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Re: more recent languages: IIRC, that's called a Pascal string –  Hasturkun Apr 19 '10 at 14:40
    
Pascal strings specifically used a single byte to hold the string length. As you can quickly guess, that's not really enough! Modern string types are probably using a size_t instead; if your string's won't fit in that, the string isn't going to be held wholly in memory either. –  Donal Fellows Apr 19 '10 at 14:58

Terminated by a zero

It's when your pointy-haired boss fires you.

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Arrays and string in C is just a pointers to a memory location. By pointer you can find a start of array. The end of array is undefined. The end of character array (which is the string) is zero-byte.

So, in memory string hello is written as:

68 65 6c 6c 6f 00                                 |hello|
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It refers to how C strings are stored in memory. The NUL character represented by \0 in string iterals is present at the end of a C string in memory. There is no other meta data associated with a C string like length for example. Note the different spelling between NUL character and NULL pointer.

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There are two common ways to handle arrays that can have varying-length contents (like Strings). The first is to separately keep the length of the data stored in the array. Languages like Fortran and Ada and C++'s std::string do this. The disadvantage to doing this is that you somehow have to pass that extra information to everything that is dealing with your array.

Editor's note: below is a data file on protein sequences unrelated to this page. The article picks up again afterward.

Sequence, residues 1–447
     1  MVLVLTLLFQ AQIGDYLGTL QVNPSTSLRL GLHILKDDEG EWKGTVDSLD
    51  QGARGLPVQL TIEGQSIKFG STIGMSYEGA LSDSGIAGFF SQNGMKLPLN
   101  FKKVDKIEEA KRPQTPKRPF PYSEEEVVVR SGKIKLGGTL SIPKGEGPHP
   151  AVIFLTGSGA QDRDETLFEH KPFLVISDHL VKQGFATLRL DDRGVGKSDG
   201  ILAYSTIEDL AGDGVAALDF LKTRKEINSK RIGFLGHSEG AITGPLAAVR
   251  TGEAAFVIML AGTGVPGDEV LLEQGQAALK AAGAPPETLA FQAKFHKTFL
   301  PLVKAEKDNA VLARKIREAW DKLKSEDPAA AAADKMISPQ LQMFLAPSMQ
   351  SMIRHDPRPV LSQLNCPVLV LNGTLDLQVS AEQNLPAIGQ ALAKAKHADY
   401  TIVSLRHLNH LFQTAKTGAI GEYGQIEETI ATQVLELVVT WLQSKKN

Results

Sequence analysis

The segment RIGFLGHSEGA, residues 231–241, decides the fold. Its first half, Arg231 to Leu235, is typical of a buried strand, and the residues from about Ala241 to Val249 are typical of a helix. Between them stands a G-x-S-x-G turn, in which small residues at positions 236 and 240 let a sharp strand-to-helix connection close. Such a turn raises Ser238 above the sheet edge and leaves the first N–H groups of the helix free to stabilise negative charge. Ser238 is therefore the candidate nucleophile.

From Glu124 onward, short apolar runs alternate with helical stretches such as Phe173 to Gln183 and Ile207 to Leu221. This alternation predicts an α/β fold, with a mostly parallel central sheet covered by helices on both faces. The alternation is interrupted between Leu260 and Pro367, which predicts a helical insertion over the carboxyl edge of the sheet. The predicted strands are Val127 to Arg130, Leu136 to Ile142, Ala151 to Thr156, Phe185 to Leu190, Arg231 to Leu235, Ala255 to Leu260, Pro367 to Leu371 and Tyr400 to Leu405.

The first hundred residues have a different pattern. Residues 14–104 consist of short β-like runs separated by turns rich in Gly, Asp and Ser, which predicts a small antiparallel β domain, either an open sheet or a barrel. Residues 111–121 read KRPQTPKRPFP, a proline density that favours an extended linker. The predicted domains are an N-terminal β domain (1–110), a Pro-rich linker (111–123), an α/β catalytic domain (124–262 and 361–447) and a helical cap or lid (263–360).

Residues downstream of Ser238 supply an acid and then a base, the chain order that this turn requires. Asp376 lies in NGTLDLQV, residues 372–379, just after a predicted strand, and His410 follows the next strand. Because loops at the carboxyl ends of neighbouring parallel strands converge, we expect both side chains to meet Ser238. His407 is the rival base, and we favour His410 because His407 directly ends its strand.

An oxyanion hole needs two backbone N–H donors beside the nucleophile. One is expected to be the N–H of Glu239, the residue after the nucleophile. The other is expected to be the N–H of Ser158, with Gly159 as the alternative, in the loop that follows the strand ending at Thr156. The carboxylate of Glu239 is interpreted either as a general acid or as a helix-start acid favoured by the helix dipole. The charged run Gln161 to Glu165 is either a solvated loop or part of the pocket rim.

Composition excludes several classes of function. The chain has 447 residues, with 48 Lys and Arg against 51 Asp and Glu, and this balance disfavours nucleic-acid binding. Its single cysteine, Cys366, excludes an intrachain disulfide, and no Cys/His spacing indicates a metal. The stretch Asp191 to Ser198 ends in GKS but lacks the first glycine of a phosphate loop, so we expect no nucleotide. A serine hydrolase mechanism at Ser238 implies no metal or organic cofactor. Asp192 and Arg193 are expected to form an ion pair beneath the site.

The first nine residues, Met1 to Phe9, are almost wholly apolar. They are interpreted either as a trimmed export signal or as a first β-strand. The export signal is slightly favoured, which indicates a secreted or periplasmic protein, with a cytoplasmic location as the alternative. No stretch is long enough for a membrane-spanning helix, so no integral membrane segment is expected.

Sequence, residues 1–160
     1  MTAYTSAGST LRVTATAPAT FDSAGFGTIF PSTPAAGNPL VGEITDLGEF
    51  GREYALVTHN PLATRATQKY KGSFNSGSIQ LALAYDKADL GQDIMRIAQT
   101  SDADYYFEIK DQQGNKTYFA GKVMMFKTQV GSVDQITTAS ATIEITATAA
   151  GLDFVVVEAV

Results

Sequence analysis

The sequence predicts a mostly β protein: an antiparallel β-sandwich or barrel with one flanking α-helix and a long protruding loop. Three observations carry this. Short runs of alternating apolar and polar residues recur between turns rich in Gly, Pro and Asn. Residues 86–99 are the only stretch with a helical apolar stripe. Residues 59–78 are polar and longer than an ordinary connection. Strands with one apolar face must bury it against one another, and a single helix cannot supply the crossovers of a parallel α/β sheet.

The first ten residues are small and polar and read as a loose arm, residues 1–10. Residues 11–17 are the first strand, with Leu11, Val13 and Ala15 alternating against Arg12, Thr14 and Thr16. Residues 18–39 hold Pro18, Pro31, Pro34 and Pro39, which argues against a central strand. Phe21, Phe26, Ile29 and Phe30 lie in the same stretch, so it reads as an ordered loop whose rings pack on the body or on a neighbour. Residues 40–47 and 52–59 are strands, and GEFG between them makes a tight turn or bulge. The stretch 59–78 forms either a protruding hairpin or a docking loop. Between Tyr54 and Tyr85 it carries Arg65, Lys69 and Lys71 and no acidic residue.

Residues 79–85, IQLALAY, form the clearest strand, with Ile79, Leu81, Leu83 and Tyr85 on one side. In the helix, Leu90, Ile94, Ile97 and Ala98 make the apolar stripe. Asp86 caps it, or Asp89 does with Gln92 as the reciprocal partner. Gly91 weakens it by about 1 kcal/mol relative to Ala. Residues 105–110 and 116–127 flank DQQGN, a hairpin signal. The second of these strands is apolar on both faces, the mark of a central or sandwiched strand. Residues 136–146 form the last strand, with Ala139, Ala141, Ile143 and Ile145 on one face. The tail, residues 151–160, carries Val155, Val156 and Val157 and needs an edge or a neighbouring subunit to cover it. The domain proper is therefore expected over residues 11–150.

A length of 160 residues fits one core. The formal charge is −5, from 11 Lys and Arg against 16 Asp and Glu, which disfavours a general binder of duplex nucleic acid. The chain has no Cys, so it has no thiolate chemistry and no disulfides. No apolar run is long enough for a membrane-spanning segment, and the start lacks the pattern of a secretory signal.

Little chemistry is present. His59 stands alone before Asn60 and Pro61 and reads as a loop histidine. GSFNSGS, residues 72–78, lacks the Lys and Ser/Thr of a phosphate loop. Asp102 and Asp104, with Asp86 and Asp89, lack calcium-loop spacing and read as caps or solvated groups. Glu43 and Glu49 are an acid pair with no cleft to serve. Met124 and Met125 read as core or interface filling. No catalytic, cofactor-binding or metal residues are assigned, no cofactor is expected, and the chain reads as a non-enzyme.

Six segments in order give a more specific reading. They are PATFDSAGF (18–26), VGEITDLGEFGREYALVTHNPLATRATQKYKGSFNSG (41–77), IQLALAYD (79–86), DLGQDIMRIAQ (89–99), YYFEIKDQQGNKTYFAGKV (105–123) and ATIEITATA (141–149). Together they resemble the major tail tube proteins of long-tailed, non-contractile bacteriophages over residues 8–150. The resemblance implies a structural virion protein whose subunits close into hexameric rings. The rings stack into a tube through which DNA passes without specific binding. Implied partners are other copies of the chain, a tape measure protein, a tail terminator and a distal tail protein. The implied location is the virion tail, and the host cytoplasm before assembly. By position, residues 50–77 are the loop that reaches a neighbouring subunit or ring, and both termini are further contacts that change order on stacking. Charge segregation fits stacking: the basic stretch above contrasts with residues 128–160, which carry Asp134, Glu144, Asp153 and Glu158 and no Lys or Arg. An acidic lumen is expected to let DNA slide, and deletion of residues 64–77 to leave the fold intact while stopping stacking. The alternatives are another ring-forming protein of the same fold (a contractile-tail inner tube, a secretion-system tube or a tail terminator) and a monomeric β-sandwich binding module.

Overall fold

The other way, is to reserve an extra non-data element at the end of the array to serve as a sentinel. For the sentinel you use a value that should never appear in the actual data. For strings, 0 (or "NUL") is a good choice, as that is unprintable and serves no other purpose in ASCII. So what C (and many languages copied from C) do is to assume that all strings end (or "are terminated by") a 0.

There are several drawbacks to this. For one thing, it is slow. Any time a routine needs to know the length of the string, it is an O(n) operation (searching through the entire string looking for the 0). Another problem is that you may one day want to put a 0 in your string for some reason, so now you need a whole second set of string routines that ignore the null and use a separate length anyway (eg: strnlen() ). The third big problem is that if someone forgets to put that 0 at the end (or it gets wiped out somehow), the next string operation to do a lenth check will go merrily marching through memory until it either happens to randomly find another 0, crashes, or the user loses patience and kills it. Such bugs can be a serious PITA to track down.

For all these reasons, the C approach is generally viewed with disfavor.

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C-style strings are terminated by a NUL character ('\0'). This provides a marker for functions that operate on strings (e.g. strlen, strcpy) to use to identify the end of the string.